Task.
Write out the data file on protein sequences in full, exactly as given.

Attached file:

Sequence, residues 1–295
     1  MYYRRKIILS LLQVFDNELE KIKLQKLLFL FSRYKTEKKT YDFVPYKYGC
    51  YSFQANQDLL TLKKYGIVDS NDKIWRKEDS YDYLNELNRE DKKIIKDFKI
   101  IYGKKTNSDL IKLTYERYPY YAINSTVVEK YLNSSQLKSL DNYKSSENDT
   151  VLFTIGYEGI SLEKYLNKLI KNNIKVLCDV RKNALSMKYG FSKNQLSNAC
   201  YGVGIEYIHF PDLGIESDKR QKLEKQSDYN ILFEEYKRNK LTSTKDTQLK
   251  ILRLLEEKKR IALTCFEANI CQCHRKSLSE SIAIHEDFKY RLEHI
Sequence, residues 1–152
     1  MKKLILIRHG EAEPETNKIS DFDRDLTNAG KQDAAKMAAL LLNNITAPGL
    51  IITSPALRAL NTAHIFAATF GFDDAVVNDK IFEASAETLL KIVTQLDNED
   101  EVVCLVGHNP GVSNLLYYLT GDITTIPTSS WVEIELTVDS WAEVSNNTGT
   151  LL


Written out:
Sequence, residues 1–295
     1  MYYRRKIILS LLQVFDNELE KIKLQKLLFL FSRYKTEKKT YDFVPYKYGC
    51  YSFQANQDLL TLKKYGIVDS NDKIWRKEDS YDYLNELNRE DKKIIKDFKI
   101  IYGKKTNSDL IKLTYERYPY YAINSTVVEK YLNSSQLKSL DNYKSSENDT
   151  VLFTIGYEGI SLEKYLNKLI KNNIKVLCDV RKNALSMKYG FSKNQLSNAC
   201  YGVGIEYIHF PDLGIESDKR QKLEKQSDYN ILFEEYKRNK LTSTKDTQLK
   251  ILRLLEEKKR IALTCFEANI CQCHRKSLSE SIAIHEDFKY RLEHI
Sequence, residues 1–152
     1  MKKLILIRHG EAEPETNKIS DFDRDLTNAG KQDAAKMAAL LLNNITAPGL
    51  IITSPALRAL NTAHIFAATF GFDDAVVNDK IFEASAETLL KIVTQLDNED
   101  EVVCLVGHNP GVSNLLYYLT GDITTIPTSS WVEIELTVDS WAEVSNNTGT
   151  LL